Flag of Iran

Flag of Iran
Flag of Iran

Iranian culture facts

Fact 16. Iran is a multicultural country comprised of various ethnic and religious groups. The majority of the population is Shia Muslims (85 percent). They are unified through the Iranian culture. Second and third in population are the Azerbaijanis and Kurds.

Fact 17. The names Iran and Persia are still interchanged in cultural contexts but Iran is always used in political contexts. Persian, or Farsi, is the official language, though there are numerous other dialects spoken in different regions. Azerbaijani Turkish is the second most widely spoken language in Iran.

Fact 18. The rich cultural legacy of Iran is indicated partly by its 21 UNESCO World Heritage Sites. This is the third largest number in any one country in Asia.

Fact 19. About 90 to 95 percent of the population of Iran is Twelver Shia Islam, which is the state religion. Up to eight percent of the population is Sunni Muslims.

Fact 20. The largest Jewish population outside of Israel in the Middle East lives in Iran. Judaism, Christianity, Sunni Muslims and Zoroastrianism are all officially recognized by the Iranian government and they have reserved seats in Parliament. The Bahá’í Faith, however, is persecuted and denied civil liberties and rights.

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Fact 21. Before the Shah was driven out of power, Iranian culture was quite westernized. Now it is extremely religiously conservative. Under the Shah, Iranians loved Western films, especially American ones. Now they are banned by the ayatollah for glorifying that Western lifestyle but Iranians still watch them, creating a huge bootlegging industry that carries severe penalties is the perpetrator is caught. Satellite televisions are banned in all households for the same reason.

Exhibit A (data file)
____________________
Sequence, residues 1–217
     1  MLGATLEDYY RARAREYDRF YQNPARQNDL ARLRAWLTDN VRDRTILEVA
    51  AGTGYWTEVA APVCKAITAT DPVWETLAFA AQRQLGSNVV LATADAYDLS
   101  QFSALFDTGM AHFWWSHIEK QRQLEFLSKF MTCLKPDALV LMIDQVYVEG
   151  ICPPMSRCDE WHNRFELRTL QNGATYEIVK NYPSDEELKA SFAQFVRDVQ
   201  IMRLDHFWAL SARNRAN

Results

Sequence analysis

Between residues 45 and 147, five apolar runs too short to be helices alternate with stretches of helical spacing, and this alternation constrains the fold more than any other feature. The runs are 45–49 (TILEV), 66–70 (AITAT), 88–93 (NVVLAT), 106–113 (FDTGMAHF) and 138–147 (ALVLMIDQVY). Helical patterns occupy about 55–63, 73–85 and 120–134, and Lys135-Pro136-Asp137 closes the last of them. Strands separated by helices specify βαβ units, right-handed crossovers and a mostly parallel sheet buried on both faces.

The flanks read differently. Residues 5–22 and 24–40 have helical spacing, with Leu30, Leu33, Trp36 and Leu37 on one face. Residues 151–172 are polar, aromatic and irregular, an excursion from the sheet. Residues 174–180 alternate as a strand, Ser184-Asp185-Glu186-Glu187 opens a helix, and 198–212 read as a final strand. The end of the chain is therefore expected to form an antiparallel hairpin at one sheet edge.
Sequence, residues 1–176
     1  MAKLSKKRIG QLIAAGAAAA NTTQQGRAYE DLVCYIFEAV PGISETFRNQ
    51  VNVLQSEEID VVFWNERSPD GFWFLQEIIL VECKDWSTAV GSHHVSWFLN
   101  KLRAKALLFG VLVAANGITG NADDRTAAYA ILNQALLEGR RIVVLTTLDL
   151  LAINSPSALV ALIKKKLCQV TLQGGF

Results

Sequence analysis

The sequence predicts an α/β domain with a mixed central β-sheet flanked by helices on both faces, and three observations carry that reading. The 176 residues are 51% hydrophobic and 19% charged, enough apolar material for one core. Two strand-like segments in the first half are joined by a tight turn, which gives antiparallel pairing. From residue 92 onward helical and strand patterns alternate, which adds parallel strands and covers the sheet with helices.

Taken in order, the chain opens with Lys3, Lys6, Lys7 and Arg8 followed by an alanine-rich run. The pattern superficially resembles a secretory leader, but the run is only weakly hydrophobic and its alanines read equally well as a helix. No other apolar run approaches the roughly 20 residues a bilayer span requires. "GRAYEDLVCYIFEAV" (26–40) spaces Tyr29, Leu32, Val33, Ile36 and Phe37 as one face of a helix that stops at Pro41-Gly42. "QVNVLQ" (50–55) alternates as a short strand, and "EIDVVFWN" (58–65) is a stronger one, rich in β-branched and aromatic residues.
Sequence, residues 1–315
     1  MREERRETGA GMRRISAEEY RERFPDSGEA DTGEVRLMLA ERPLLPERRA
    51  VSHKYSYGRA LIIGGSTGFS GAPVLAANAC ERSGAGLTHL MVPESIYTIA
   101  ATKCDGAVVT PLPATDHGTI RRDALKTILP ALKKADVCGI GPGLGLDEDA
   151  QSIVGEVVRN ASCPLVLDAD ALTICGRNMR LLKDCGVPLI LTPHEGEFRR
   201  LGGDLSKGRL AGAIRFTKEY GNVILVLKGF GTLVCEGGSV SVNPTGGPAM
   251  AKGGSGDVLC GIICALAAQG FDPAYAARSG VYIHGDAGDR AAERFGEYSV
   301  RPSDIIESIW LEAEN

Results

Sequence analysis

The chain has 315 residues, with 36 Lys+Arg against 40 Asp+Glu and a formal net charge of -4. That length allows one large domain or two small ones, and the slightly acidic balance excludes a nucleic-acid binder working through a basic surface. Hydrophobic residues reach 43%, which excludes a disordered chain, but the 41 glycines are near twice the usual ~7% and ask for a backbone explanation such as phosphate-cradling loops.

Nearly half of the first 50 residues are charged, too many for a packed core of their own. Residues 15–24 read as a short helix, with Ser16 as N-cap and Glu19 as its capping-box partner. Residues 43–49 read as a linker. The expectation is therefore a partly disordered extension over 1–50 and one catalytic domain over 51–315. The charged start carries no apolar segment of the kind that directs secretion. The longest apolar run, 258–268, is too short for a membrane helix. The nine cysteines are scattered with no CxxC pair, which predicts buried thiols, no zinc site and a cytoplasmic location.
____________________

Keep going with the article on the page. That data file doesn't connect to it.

Fact 22. Religious rules also dictate forms of dress. It is illegal for men to wear shorts and they are forbidden to wear neckties. Women can’t wear bathing suits when men are around. All females, native or visiting, over the age of nine must wear a hijab when in public.

Fact 23. According to the country’s constitution, women are homemakers and mothers and must have the permission of the male head of their household if they want to work outside of it. Women and men are separated on city buses and in schools and females may not appear in public with a man unless the man is either a family member or her husband. Women do have some freedoms those in Saudi Arabia don’t: they can drive, vote and go to college.

Fact 24. Girls are marriageable at the age of 13 and boys at 15. Iranians may vote at 15. Polygamy is legal in Iran but the limit is four wives. Once a girl is married, she may no longer attend high school.

Fact 25. Education for Kindergarten through high school is supervised by the Ministry of Education. The Ministry of Science and Technology supervises higher education. Iran’s adult literacy rate is 93 percent, up from almost 37 percent in 1976. Fesenjan is a gourmet dish of meat and beans with a walnut sauce served with fried onion on top. It is served with rice.